Category Archives: LOVE

different relationship needs of men and women

This is so insightful about men’s and women’s different needs in relationships… what do you guys think?

 … from alarajrogers

 

“Oh my God this actually explains so much.

So there’s a known thing in the study of human psychology/sociology/what-have-you where men are known to, on average, rely entirely on their female romantic partner for emotional support. Bonding with other men is done at a more superficial level involving fun group activities and conversations about general subjects but rarely involves actually leaning on other men or being really honest about emotional problems. Men use alcohol to be able to lower their inhibitions enough to expose themselves emotionally to other men, but if you can’t get emotional support unless you’re drunk, you have a problem.

So men need to have a woman in their lives to have anyone they can share their emotional needs and vulnerabilities with. However, since women are not socialized to fear sharing these things, women’s friendships with other women are heavily based on emotional support. If you can’t lean on her when you’re weak, she’s not your friend. To women, what friendship is is someone who listens to all your problems and keeps you company.

So this disconnect men are suffering from is that they think that only a person who is having sex with you will share their emotions and expect support. That’s what a romantic partner does. But women think that’s what a friend does. So women do it for their romantic partners and their friends and expect a male friend to do it for them the same as a female friend would. This fools the male friend into thinking there must be something romantic there when there is not.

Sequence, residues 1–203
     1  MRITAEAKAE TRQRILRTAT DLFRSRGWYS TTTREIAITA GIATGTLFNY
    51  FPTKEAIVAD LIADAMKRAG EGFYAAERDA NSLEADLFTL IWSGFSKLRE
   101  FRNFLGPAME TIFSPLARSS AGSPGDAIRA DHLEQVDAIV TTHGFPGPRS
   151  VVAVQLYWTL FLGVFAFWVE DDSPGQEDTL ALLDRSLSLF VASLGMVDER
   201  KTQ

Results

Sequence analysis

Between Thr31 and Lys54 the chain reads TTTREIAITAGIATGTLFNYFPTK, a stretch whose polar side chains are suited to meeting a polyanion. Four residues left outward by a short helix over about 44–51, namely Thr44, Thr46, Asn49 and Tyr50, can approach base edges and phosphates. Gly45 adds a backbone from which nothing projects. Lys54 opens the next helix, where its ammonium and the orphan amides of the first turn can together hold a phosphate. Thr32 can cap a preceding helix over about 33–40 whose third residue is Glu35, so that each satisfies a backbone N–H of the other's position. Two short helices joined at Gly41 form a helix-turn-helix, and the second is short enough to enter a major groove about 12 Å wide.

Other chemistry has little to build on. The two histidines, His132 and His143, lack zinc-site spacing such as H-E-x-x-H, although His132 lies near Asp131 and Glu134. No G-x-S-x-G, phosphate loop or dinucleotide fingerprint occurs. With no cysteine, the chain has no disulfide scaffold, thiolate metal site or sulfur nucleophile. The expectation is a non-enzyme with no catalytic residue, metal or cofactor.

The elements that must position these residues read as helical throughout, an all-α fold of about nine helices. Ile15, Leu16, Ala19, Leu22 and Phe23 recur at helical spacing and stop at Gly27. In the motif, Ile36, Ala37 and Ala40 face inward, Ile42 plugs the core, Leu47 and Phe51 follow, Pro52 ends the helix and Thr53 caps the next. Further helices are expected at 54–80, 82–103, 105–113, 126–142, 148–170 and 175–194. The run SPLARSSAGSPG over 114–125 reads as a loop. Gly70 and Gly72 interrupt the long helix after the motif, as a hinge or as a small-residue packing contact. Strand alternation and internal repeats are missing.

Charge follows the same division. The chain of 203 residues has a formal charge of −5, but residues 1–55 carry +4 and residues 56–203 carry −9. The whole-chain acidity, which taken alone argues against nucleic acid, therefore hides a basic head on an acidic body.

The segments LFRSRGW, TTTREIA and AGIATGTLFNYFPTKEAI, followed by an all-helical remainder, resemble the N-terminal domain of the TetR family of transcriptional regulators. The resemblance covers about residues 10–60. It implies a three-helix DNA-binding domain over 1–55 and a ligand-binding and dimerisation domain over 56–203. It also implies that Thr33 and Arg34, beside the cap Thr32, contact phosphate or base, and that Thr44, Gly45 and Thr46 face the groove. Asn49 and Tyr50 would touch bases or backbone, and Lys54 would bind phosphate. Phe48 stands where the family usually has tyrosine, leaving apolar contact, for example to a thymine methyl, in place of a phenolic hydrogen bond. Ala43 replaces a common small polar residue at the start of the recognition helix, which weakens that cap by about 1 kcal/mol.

This here is an example of patriarchy hurting everyone. Women have a much healthier approach to emotional support – they don’t die when widowed at nearly the rate that widowers die and they don’t suffer emotionally from divorce nearly as much even though they suffer much more financially, and this is because women don’t put all their emotional needs on one person. Women have a support network of other women. But men are trained to never share their emotions except with their wife or girlfriend, because that isn’t manly. So when she dies or leaves them, they have no one to turn to to help with the grief, causing higher rates of death, depression, alcoholism and general awfulness upon losing a romantic partner.

So men suffer terribly from being trained in this way. But women suffer in that they can’t reach out to male friends for basic friendship. I am not sure any man can comprehend how heartbreaking it is to realize that a guy you thought was your friend was really just trying to get into your pants. Friendship is real. It’s emotional, it’s important to us. We lean on our friends. Knowing that your friend was secretly seething with resentment when you were opening up to him and sharing your problems because he felt like he shouldn’t have to do that kind of emotional work for anyone not having sex with him, and he felt used by you for that reason, is horrible. And the fact that men can’t share emotional needs with other men means that lots of men who can’t get a girlfriend end up turning into horrible misogynistic people who think the world owes them the love of a woman, like it’s a commodity… because no one will die without sex. Masturbation exists. But people will die or suffer deep emotional trauma from having no one they can lean on emotionally. And men who are suffering deep emotional trauma, and have been trained to channel their personal trauma into rage because they can’t share it, become mass shooters, or rapists, or simply horrible misogynists.

The only way to fix this is to teach boys it’s okay to love your friends. It’s okay to share your needs and your problems with your friends. It’s okay to lean on your friends, to hug your friends, to be weak with your friends. Only if this is okay for boys to do with their male friends can this problem be resolved… so men, this one’s on you. Women can’t fix this for you; you don’t listen to us about matters of what it means to be a man. Fix your own shit and teach your brothers and sons and friends that this is okay, or everyone suffers.”